At every turn, Discovery Organics works to build lasting relationships with growers, sellers, and transporters that have real tangible meaning, because working with friends is a lot more fun than working with strangers, and community has no borders. That spirit is evident within the greater organic movement, one where finding common ground is essential. It is sharing farm equipment in exchange for helping harvest apples in September (just make sure you wash the tractor before returning it!). It is sharing knowledge on integrated pest management in exchange for some cabbage needed to fill a weekly CSA order. It is learning about new weeding or harvest techniques over a six pack of beer or kombucha during a summer sunset. It is taking the time to call in on a neighbour during the height of harvest season and sharing a laugh, or a cry.

I’ll say it again, finding common ground is essential.

As we know it today, organic agriculture has its roots in the counterculture movements of the 1960s. Susanna Klassen wrote about this in the Fall 2021 issue of the BC Organic Grower, noting how the collaboration between the United Farm Workers and the Black Panther Party raised awareness of the horrifying conditions and inequities that exist in our food system and inspired farmers and consumers to demand an ethical, holistic food production model.1 One that would nurture Mother Earth with care, and treat those working her soil with respect. That message still rings true, and still needs constant telling.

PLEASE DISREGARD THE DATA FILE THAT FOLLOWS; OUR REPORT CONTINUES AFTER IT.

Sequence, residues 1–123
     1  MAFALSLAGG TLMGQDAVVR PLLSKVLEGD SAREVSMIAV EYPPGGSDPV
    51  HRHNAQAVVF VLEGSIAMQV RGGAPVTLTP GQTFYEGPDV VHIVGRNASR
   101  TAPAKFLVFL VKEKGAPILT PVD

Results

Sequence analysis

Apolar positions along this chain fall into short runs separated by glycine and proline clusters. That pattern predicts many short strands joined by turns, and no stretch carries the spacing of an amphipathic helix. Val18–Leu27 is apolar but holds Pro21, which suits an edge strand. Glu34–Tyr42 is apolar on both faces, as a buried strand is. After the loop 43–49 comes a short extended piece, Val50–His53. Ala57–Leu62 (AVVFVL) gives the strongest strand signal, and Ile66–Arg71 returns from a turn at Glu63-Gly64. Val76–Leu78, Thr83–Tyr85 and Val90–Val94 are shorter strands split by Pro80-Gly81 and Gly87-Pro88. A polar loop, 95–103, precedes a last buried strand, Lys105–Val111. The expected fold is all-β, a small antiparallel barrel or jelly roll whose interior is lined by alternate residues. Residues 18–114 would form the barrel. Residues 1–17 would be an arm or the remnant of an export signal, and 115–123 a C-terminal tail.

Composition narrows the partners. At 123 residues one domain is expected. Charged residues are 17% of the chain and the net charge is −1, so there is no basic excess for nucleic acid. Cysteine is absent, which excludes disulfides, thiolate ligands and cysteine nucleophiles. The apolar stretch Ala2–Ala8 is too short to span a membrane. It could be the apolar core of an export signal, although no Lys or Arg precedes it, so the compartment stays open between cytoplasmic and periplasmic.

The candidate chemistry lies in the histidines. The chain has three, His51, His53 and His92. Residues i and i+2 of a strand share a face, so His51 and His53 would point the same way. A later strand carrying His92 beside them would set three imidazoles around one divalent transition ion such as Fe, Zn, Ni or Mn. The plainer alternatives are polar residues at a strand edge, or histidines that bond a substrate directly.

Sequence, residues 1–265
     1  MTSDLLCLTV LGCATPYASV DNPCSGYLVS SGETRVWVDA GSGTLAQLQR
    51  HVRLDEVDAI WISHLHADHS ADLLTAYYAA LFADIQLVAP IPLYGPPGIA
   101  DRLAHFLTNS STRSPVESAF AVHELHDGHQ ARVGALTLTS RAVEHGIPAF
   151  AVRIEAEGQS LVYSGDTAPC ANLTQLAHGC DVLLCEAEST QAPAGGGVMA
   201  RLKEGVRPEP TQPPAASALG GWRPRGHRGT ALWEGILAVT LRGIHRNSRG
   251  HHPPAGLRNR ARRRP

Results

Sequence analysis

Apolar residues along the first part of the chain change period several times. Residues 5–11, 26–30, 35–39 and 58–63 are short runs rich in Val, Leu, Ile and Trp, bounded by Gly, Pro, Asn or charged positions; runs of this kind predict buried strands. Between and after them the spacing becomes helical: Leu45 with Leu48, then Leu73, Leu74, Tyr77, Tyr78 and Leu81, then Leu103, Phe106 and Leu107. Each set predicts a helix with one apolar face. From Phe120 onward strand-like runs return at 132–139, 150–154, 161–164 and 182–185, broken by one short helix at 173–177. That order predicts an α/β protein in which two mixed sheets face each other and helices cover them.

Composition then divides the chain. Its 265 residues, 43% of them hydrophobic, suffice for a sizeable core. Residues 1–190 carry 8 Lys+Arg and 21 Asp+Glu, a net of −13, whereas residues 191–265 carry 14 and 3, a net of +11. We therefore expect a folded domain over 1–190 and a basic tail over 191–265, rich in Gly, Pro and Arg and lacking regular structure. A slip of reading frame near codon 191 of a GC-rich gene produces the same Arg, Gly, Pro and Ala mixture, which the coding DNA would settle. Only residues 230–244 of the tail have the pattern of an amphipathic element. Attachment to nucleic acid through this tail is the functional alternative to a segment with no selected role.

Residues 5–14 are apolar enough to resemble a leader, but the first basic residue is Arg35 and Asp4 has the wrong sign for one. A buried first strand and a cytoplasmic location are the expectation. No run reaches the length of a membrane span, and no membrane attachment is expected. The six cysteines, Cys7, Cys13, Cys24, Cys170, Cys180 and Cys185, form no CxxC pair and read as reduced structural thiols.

Doing the telling, putting in the work, communicating together to create a better world—that is our vocation and we have so much more to learn. Indigenous land values need a larger voice within the organic movement. The dignity and rights of farm workers need more attention and action through government support, and can start with farm owner integrity. Regenerative agriculture conversations need to include organic principles, and the climate solutions provided by these methods need to be championed and shared amongst all food production models. Collaborative efforts amongst growers, processors, educators, wholesalers, retailers, government, consumers, and more will help us include those issues in our future food system models.

We have come a long way and have a long way to go, and that is kind of the whole point. Communication begets collaboration which begets progress. We are all part of a greater food web, that starts with the soil and transcends into sharing a glass together (virtual or real)—and as much as we need to be there for each other during the hard times we must celebrate together too.

discoveryorganics.ca


Brody is a purchaser at Discovery Organics and specializes in grower relations and development. Starting in 2011 working for a small organic home delivery company in Edmonton Alberta, Brody was bit by the produce bug and has been enthralled with the organic food movement ever since.

Feature image: Employees of Discovery Organics getting a field tour from Bruce Miller at Across The Creek Organics in Pemberton, BC.

All images: Credit: Discovery Organics.

1Read Susanna’s article here: bcorganicgrower.ca/2021/09/fairness-as-migrant-justice

All Dressed Up & Nowhere to Go

in 2022/Livestock/Spring 2022/Standards Updates

Ready for Growth, Small-Scale Meat Producers are Limited by Access to Processing

By Julia Smith

The Small-Scale Meat Producers Association recently completed a province-wide survey of the small-scale meat producing sector in which we heard from 708 operations representing 2,110 producers across all 27 regional districts of the province. Eighteen respondents reported being certified organic, and 15 of these were located in the Okanagan.

The survey identified that small-scale meat producers in BC tend to have very diverse operations, and are practicing a range of land management techniques. Of the respondents, 97% reported using at least one of the following practices to steward their land:

  • multiple species grazing (43%)
  • intensive grazing (38%)
  • regenerative agriculture (38%)